2. The ability to deal with wet-cold: the AT is prone to some truly terrible weather, particularly in the White Mountains. There have been many incidents where people suffer from exposure and get into serious trouble. There's a skill to walking safely in bad weather in terms of equipment selection, management of pace, judging the conditions, selecting escape routes, erecting your shelter in a storm etc etc. There's no substitute for experience - encourage your mum to get out in bad weather over the winter to test her setup and gain confidence in her judgement. Obviously, this should be done in safe situations where it's easy to bail out. If there's a local mountaineering club she could hook up with them and learn from the old-timers.

  3. Walking ergonomics: very few people think about this. But there is a real skill to walking efficiently and without injury, especially up and down steep hills. And the AT is pretty much all steep hills! I learned much of what I know from watching the old guides in the Alps, but also from research and experimentation. Experienced walkers can quickly spot other seasoned hikers on the trail because they tend to walk more efficiently. It's too big a topic to go into here, but encourage her to research it, or go on a forum like BackpackingLight.com and ask for advice. On such a long walk this can make the difference between success and failure. Also, most people who carry walking poles have little idea how to use them - there's a technique and she should learn it. This helps preserve the knees of those of us past the first flush of youth...

So as I say, these are the skills that I feel aren't given enough attention by the typical newbie thru-hiker. I hope something here is helpful. I won't duplicate the topics that are covered well on YouTube except to repeat that as a newbie she should start slow and work up her mileage gradually. Many people start too fast, get injured or demoralised and have to bail. It's a marathon not a sprint - for the first 6 weeks or so she should stop well before she feels she needs to. She'll make up the time later on when she's trail-hardened.

So I wish her all the best - it should be a great adventure. And although I've highlighted the dangers, just hold onto the thought that the great, great majority of hikers come through the experience safe and sound, with their lives much enriched.

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I suggest that you and your mother read Bill Bryson's A Walk in the Woods: Rediscovering America on the Appalachian Trail. For a look into the book, including sections of text, see here. It also comes in an audio book and was made into a movie in 2015. Bryson hiked with a friend, and although he skipped many sections (i.e., did not complete the trail), he had a great experience. The book is a great read, informative and funny.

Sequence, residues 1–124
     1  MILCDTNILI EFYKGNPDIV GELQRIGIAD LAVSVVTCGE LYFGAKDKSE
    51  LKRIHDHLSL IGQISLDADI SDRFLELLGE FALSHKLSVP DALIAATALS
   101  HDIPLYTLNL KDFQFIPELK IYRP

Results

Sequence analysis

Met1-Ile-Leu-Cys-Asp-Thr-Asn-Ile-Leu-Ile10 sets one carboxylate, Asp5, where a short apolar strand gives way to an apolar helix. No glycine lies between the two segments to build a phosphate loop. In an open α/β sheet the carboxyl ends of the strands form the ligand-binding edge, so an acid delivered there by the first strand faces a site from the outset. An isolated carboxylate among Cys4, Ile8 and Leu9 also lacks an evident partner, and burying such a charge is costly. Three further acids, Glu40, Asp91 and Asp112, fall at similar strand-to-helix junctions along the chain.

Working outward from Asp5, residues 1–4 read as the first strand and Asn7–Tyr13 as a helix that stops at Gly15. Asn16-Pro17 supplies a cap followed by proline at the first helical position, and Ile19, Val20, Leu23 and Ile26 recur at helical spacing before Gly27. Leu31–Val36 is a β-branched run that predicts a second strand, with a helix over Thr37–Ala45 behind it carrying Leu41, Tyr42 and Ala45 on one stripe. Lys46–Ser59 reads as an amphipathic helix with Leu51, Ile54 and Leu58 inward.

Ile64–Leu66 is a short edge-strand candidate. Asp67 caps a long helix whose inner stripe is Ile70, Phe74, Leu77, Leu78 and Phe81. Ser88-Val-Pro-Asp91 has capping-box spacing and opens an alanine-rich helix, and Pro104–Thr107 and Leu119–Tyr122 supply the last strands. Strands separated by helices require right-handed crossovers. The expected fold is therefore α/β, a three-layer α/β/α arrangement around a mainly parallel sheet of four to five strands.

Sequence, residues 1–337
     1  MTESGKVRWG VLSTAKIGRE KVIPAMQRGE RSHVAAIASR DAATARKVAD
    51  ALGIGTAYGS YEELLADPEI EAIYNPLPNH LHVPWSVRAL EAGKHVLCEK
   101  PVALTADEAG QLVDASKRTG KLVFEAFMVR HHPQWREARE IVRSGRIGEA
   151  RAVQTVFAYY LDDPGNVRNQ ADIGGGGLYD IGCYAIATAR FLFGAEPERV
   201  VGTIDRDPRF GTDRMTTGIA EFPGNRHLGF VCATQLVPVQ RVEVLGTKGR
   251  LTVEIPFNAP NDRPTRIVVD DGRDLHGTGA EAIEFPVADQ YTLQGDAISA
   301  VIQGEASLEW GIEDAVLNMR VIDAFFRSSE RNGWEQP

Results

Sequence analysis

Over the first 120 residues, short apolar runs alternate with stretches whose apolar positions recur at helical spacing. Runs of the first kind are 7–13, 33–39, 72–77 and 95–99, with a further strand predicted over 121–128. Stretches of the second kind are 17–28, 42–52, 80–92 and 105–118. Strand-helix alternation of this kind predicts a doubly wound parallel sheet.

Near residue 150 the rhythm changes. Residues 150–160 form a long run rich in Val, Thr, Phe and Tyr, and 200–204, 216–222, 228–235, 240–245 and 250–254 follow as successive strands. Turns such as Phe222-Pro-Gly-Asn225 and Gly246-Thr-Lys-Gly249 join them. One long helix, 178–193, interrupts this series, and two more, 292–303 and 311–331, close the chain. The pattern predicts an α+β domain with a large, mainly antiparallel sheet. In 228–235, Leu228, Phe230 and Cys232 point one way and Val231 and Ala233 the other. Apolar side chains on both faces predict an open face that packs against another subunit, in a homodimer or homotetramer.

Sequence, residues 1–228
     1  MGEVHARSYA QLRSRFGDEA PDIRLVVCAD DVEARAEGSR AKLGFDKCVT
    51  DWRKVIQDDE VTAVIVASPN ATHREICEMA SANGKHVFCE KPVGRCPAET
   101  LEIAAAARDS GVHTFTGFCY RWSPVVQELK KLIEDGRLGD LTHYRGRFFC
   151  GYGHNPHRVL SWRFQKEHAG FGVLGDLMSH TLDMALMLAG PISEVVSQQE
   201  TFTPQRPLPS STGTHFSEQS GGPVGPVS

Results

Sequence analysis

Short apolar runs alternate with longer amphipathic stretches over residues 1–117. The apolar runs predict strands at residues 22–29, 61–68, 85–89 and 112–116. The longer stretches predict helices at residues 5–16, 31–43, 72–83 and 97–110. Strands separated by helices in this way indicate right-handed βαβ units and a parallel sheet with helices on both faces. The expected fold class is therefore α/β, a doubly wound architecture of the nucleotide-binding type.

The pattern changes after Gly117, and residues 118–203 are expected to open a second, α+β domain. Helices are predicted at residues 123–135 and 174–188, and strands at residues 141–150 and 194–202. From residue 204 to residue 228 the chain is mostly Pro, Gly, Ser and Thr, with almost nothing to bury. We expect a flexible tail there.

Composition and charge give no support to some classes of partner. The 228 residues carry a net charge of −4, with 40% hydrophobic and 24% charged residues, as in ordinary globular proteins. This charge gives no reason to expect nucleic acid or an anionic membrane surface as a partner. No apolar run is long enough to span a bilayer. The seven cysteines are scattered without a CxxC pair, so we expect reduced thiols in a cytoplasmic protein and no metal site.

The reason I suggest this book is: your mother sounds as though she is relatively inexperienced for a trip as long as the Appalachian Trail. Backpacking for one week is hard, but backpacking for six months is not just a longer hike, but a qualitatively different hike. (A Snow Leopard is not just a bigger long-haired cat than a Persian, but a qualitatively different cat.) Bryson's book will put the trip in perspective in a way that no maps or hiking guides could. Naturally, your mother needs to study the maps and hiking guides, but she knows that.

The above paragraph is not meant to discourage your mother or to make you anxious. Your mother has an admirable goal, and I will be thrilled if you report back that she arrived at Mount Katahdin next fall -- a thru-hiker on her first try!

In addition, I will repeat my comment: your mother should: (1) take a Satellite Messenger or PLB; (2) observe bear precautions with food, but otherwise not worry about bears; (3) get at least some rudimentary medical knowledge (if she does not already); (4) arrange to talk with you and/or a friend at logical points along the way. (Once a day is too often (she needs to get away from it all) and probably impossible anyway.) If your mother opts for a satellite messenger, (4) is to some extent redundant with (1) as far as safety goes, but would be good for her mental health and yours.

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    I would also recomend the book Blind Courage and the movie, some how, there is not a wikipedia article, for Bill Irwin, the book or the movie. When it comes to difficulties on the trail, this guy hands down, has more challenges than any other full trail hiker. – James Jenkins Nov 9 '17 at 17:33